Early Education and Care

In a section called “Closing the Opportunity Gap,” the report says, “It is, therefore, vitally important that all children start school with the foundations in place and ready to learn. Over the next decade this will surely demand universal pre-K, with state funding for all 3 and 4 year-olds from low-income families.”

As Massachusetts designs effective pre-K programs, it “should take into account the growing evidence about what kind of pre-K education makes the most difference.”

The report notes: “The case for greater investment and reform in early education is supported by a range of academic studies and data. This evidence suggests that large scale preschool programs can make a vital difference to children’s early learning, but only if they provide excellent quality and strong levels of instructional support that focus on specific aspects of children’s learning such as language and literacy, math or socio-emotional development.”

While the evidence suggests that “preschool programs can benefit all children, the benefits are greatest for low-income students, particularly in the long term.”

The MBAE report also calls for setting minimum qualification requirements for early educators and ensuring that high-quality pre-K programs are actively marketed to low-income families.

The report also offers an international perspective, pointing out that the Organisation for Economic Co-operation and Development (OECD) has also called for high-quality early education — and identified five levers for improving quality:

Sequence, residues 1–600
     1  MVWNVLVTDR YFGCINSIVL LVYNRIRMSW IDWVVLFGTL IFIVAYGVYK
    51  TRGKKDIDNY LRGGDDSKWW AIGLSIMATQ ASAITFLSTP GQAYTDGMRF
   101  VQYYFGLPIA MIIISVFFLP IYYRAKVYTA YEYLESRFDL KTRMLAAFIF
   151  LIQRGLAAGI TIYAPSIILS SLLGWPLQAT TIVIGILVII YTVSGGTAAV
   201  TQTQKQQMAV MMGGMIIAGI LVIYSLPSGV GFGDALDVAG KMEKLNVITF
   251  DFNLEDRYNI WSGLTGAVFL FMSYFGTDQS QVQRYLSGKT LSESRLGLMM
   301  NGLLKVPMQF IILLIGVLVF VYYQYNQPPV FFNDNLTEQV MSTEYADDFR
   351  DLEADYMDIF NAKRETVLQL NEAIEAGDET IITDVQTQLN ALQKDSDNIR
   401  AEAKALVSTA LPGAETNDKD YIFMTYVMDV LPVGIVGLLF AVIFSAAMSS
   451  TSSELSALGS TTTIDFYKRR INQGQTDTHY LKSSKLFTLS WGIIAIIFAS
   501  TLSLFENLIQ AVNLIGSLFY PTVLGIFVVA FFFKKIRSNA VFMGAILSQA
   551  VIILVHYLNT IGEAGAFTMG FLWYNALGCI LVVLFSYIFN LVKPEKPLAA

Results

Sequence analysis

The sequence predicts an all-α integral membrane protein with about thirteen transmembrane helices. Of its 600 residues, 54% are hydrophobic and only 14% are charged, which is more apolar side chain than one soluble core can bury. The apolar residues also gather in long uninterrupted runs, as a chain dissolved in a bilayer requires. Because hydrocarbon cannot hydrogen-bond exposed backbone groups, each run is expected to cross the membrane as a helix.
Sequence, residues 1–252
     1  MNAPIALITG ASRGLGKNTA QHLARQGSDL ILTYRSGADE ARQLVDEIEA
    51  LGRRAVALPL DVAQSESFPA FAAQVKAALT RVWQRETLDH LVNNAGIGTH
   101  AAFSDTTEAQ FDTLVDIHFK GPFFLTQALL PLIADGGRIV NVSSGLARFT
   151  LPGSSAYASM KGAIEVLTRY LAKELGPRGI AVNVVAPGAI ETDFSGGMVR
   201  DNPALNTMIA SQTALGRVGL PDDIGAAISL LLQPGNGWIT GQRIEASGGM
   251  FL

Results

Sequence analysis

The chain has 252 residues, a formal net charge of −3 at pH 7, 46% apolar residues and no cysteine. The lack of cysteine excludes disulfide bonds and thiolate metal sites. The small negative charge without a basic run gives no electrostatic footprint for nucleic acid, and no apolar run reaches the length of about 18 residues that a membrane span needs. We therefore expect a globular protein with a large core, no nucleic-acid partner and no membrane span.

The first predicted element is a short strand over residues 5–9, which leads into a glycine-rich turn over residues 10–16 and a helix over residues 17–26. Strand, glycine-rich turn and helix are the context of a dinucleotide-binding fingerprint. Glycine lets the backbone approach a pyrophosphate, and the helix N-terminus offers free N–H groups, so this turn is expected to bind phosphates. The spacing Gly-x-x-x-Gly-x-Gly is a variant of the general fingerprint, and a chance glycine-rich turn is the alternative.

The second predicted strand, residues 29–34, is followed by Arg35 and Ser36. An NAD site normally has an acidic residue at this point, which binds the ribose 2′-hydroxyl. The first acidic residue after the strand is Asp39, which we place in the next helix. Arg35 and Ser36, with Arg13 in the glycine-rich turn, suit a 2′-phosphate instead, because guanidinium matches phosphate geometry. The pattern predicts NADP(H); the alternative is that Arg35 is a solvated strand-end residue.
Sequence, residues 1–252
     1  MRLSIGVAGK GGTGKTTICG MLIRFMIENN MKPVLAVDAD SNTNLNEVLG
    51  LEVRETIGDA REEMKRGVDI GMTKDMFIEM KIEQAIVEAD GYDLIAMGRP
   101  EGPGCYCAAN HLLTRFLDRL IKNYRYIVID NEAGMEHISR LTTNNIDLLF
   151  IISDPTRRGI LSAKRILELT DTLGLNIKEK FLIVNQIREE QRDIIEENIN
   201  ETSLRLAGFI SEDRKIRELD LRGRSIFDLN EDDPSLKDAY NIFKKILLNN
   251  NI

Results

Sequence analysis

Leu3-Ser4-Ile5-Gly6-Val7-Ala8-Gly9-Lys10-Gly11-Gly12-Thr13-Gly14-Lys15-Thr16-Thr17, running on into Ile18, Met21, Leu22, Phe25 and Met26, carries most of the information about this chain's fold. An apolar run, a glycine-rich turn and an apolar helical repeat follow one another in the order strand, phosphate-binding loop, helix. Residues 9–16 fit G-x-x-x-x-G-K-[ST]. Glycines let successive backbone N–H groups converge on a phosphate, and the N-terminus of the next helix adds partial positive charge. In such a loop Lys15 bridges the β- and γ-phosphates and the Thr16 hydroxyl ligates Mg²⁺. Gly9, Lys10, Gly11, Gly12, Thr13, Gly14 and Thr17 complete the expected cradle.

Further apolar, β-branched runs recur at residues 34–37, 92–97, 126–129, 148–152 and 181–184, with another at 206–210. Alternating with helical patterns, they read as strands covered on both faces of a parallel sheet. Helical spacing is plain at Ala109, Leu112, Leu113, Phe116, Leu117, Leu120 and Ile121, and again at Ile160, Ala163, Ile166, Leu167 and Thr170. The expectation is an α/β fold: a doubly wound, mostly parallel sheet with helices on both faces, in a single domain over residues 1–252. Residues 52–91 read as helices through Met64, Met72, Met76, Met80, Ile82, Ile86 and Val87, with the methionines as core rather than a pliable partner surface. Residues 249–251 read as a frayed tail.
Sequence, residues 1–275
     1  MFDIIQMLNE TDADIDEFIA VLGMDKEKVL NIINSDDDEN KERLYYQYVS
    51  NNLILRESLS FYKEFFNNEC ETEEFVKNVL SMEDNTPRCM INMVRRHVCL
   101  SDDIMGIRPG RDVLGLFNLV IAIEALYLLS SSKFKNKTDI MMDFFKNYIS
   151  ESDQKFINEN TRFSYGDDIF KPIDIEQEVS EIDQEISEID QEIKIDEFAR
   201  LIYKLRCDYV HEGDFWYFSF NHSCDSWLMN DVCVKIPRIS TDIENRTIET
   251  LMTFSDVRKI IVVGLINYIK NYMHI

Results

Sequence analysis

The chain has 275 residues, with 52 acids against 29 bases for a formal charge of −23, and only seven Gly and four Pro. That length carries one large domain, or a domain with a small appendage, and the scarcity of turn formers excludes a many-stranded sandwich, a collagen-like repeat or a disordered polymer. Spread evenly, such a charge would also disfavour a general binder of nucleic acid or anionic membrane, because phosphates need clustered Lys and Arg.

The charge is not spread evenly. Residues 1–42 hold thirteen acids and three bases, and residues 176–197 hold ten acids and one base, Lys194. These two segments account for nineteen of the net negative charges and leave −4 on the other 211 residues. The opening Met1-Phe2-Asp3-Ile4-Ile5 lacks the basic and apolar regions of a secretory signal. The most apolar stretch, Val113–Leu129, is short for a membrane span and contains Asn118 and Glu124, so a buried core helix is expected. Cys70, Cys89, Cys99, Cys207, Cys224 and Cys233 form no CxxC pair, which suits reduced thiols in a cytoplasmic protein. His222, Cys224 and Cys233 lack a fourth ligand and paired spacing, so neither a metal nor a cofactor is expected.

• setting out quality goals and regulations

 • designing and implementing curriculum and standards

 • improving qualifications, training and working conditions

 • engaging families and communities, and

 • advancing data collection, research and monitoring.

 Massachusetts, the report says, can learn from other countries including Japan, which “has focused on improving the quality of the early years’ workforce, especially for the youngest children…” The report also praises early education efforts in New Zealand, Norway, Sweden, and Korea.

“Massachusetts should aspire to lead this national and international trend towards expanding access to pre-K education. To become a global leader, it must commit to phasing in high quality universal pre-K education over the next five years, with the first phase of the plan focusing on children from low-income backgrounds and disadvantaged minorities.”

Massachusetts should demonstrate what quality looks like “so that legislators and voters can clearly see what they will be getting for their additional investment.”

Moving Forward

“To be a global leader 20 years from now will require more than simply topping the international tables for tests in core academic subjects, although that would be a significant marker of success. It will also require that ALL Young people leave the Massachusetts school system genuinely college- and career-ready with the competencies needed for lifelong learning and active citizenship,” the report’s executive summary says.

“Our central conclusion is this: with the determined pursuit of the right strategies over a decade or more, the creation of the world’s leading school system in Massachusetts — a system which meets all these requirements and enables all students to succeed — is an ambitious and achievable goal.”

That goal starts with building a world class, high-quality early education program in Massachusetts that prepares children for lifelong success.